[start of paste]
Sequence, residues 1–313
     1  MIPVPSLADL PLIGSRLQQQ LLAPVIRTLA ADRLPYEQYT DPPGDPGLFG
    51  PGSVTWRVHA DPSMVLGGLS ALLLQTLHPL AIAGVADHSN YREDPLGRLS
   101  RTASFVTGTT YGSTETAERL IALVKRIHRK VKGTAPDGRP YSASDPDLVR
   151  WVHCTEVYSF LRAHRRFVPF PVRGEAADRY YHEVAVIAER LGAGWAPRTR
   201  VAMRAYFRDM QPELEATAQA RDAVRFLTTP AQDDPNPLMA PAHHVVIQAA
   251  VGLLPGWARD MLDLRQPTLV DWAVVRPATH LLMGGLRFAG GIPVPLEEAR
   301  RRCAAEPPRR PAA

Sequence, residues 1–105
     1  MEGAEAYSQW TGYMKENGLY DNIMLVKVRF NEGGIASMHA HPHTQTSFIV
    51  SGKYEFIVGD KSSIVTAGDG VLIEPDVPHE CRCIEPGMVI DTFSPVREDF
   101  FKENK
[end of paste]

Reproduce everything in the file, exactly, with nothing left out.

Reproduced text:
Sequence, residues 1–313
     1  MIPVPSLADL PLIGSRLQQQ LLAPVIRTLA ADRLPYEQYT DPPGDPGLFG
    51  PGSVTWRVHA DPSMVLGGLS ALLLQTLHPL AIAGVADHSN YREDPLGRLS
   101  RTASFVTGTT YGSTETAERL IALVKRIHRK VKGTAPDGRP YSASDPDLVR
   151  WVHCTEVYSF LRAHRRFVPF PVRGEAADRY YHEVAVIAER LGAGWAPRTR
   201  VAMRAYFRDM QPELEATAQA RDAVRFLTTP AQDDPNPLMA PAHHVVIQAA
   251  VGLLPGWARD MLDLRQPTLV DWAVVRPATH LLMGGLRFAG GIPVPLEEAR
   301  RRCAAEPPRR PAA

Sequence, residues 1–105
     1  MEGAEAYSQW TGYMKENGLY DNIMLVKVRF NEGGIASMHA HPHTQTSFIV
    51  SGKYEFIVGD KSSIVTAGDG VLIEPDVPHE CRCIEPGMVI DTFSPVREDF
   101  FKENK